As a matter of fact, Abraham, Isaac, and Jacob, our forefathers in the bible, chose to be shepherds precisely for this reason. Why? Because shepherds need to make a living, to be able to provide for themselves, but they chose a livelihood which is not Wall St. They chose sheep, the most docile of all creatures, sheep graze in the meadows, while the shepherds can meditate: look at heaven, earth, nature. They’re in nature.

So they chose it not by accident, but because it was the most conducive to the most spiritual kind of life, as much as one can accomplish in the material world.

So this seems to be a great virtue: choosing a quiet, peaceful life and getting away from the corruption (sheep can never corrupt because they’re very pure and they do what they have to do all day. They’re not malicious or sly…)

Feder: I don’t think we’re reaching a lot of sheepherders in this area, so obviously you’re arriving at a better conclusion—I sense it coming…

Jacobson: So there’s virtue in that. Yet, this is what the Torah teaches. Joseph, the son of Jacob, was the first in the bible who actually went into the business world. He was an accountant. Not by his own will. After he was sold into slavery by his brothers, he ended up in Egypt and ended up as Potipher’s—as the bible says—accountant.

Then, after the dream story and all that, he ends up as the viceroy of Egypt, dealing and handling and trading in grain at the time of the famine. Now he began as a shepherd when he was young, but now he became a real businessman.

And the thinking goes, and this is a fascinating concept, that in some ways he was greater than his father, grandfather and great-grandfather, Abraham, Isaac, and Jacob. Do you know why? Because while he was in the business world, he maintained the integrity of a spiritual person. They, in a sense, cut themselves off, escaped. And he did not compromise, even though he was there.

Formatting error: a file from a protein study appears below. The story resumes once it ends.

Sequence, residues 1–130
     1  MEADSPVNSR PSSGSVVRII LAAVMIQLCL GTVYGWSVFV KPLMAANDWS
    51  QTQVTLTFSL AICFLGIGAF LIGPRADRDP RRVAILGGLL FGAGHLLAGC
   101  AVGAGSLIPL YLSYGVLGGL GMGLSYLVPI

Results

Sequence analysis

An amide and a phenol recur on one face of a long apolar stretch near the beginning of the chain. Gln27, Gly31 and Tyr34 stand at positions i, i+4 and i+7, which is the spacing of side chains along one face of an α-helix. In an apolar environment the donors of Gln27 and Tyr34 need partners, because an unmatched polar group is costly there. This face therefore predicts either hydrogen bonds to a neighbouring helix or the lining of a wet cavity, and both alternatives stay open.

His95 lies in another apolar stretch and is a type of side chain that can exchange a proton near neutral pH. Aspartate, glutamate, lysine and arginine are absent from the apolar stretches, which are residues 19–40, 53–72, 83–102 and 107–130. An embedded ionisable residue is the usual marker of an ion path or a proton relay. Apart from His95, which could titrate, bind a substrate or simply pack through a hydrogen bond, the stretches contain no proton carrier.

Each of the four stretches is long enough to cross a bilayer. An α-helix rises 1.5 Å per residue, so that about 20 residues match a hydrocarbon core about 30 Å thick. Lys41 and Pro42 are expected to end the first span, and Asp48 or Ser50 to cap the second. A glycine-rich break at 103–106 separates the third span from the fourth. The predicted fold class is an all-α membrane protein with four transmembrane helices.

Feder: It sounds a little like a rationalization, so if you could hone in on that, it would be really helpful.

Jacobson: I’m going to elaborate. The reason, in Judaism, asceticism is considered completely unacceptable, is that G-d put a spirit into a body and into this material world for a purpose. And the purpose is that the soul should refine, educate and direct our material pursuits—our immersion in materialism—our money and our belongings, and sanctify them.

There is an inherent tension between matter and spirit.
There is an inherent tension between matter and spirit, as we discussed. One leads to selfishness, one is selfless. One is divisive, one is unifying.

But that tension is relieved in three ways. One is escapism into the spiritual (going to the top of the mountain—leaving the material world), or the other extreme is indulgence (total immersion into the material world and forget about the world) and the third, which is the most difficult balance, is integration. How do you do that? By spiritualizing and sanctifying your material life, you relieve the tension between matter and spirit.

So in a sense, let’s look at the soul in the body as a teacher and a student.

Without direction, without discipline, the student can go anywhere. Same with a parent and a child. The soul is the wise one, the one with the emotions, the one that has the spiritual direction

Feder: The teacher.


The body is simply a vehicle for the soul.
The captain of the ship—the body being the ship. That may be an even better analogy, because the body is simply a vehicle. You used the example before of instruments—a vehicle. The body is the vehicle and the soul is its captain. But a captain without a ship goes nowhere. A spirit without a body can’t function in the material world.